|Mercy Street Church of Christ
Text: Matthew 20:1-15
Jesus said that God’s kingdom is like a man who had a vineyard that needed harvesting. The man goes out into the marketplace and hires some workers, agreeing to pay them one denarius a day. They go to work.
Mid-morning he looks over his vineyard and sees that more workers will be needed if they job is to be done, so he goes back into the marketplace where he encounters some men still standing around whom no one has hired.
Even though a third of the day is over, he asks them to go to work for him, telling them that he will pay them what’s right.
At noon, when he goes back downtown, he sees some guys hanging out on the street corner, and invites them to come to work in his vineyard, telling them that he will pay them what’s right.
At three, he’s back downtown where he spies a couple of young men with nothing to do and, even though the sun is beginning to move toward the far west, what the heck? He hires them, promising to pay them what’s right.
Finally, at five p.m., he goes back to town one more time. Now, there’s almost no one left loitering on the street corner. After all, the day is almost over. But there are two men, leaning up against the wall of the unemployment office. Even though it’s only one hour before quitting time, he hires them as well.
So if you’re keeping score, by the end of the day we have different groups of workers in the vineyard who have been there for 12 hours, for 9 hours, for 6, 3, and one hour.
Now, they will be paid. If you’ll recall, a wage was agreed upon only for those who got there first. A denarius. But this employer pays those who got there last, first.
To everyone’s amazement, he pays those who have only worked one hour a denarius. So that means that those who have worked for 12 hours, sweating in the vines all day long, will probably get … 12 denarii?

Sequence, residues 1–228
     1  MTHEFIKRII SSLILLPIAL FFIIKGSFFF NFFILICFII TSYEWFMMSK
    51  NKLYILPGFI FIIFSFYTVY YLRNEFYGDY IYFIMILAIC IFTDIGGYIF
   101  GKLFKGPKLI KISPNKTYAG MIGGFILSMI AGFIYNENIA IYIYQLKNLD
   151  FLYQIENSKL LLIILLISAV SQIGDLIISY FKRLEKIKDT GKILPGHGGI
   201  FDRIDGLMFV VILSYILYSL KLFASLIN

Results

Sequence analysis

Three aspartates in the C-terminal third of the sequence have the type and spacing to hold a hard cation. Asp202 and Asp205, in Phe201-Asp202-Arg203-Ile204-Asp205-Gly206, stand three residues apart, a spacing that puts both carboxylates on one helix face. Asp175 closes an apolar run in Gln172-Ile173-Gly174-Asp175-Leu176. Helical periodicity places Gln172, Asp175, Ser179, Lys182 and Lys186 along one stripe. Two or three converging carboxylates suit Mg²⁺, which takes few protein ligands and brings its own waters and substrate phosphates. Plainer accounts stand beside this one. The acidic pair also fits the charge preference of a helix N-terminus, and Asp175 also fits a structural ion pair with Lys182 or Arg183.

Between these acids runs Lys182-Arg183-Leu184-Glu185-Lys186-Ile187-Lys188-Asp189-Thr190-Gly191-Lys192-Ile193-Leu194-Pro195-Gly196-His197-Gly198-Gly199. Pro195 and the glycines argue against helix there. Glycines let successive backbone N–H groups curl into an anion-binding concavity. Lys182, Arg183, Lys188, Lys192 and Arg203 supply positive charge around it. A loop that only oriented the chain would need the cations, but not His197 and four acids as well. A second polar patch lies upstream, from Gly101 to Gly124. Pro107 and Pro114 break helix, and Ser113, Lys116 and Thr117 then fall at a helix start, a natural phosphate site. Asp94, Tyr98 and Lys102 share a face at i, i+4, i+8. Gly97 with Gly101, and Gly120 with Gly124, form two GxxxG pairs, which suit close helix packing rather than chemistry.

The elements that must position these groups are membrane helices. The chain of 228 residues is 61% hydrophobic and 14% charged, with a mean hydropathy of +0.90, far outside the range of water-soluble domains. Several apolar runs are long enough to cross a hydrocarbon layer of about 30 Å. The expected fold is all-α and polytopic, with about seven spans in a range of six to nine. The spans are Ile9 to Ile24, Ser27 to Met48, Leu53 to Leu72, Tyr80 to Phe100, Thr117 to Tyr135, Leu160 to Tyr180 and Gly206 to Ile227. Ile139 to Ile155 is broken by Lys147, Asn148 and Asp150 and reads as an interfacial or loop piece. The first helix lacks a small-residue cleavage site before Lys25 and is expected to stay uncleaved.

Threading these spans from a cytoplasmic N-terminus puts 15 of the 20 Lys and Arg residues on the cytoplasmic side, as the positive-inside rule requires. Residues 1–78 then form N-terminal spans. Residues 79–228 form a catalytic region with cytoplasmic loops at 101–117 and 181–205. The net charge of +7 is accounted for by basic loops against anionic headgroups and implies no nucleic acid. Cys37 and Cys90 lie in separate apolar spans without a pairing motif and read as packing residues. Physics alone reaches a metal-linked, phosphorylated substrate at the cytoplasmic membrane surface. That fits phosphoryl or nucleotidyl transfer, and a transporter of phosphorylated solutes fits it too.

No, they get what they agreed to work for, a denarius.
There are murmurings of injustice. Is this any way to run a business? No, the injustice is only apparent. They agreed to work for a denarius. And they have been given a denarius.
Now Matthew, in his introduction to this parable (19:30), suggests that the parable has something to do with Jesus’ statement that “many that are first will be last, and the last first” (Mark 10:31).
“Oh,” say the disciples, “we get the point. Those Pharisees, who have criticized you for eating and drinking with sinners, think they are first in God’s kingdom. But because of their insufferable self-righteousness and smugness, they are really going to end up on the outside and we shall end up on the inside. The first shall be last, and the last shall be first.”
“Oh,” said the early church, “we get your point, Jesus. Those Jews, who were supposed to be God’s Chosen People, the inheritors of your kingdom, they rejected you so now those who were to be first shall be last and we Gentiles, who were supposed to be last, get to be first. We are those who came late to God’s kingdom but we get the same reward as those who have been here through all the ages.”
Well, we can certainly understand those Pharisees, those Jews who murmured and grumbled over God’s generosity in Jesus, coming to us, as God did, so late in the day, after they had believed (and suffered, too) down through ages of persecution, misunderstanding, and exile.
Even though we are last, we get the same generous grace that God offered to them so long ago. The first shall be last, the last, first.
God’s grace is the same for the last as for the first. The wages are the same for the last as for the first.
But such an interpretation may not get at the true scandal of this little story...
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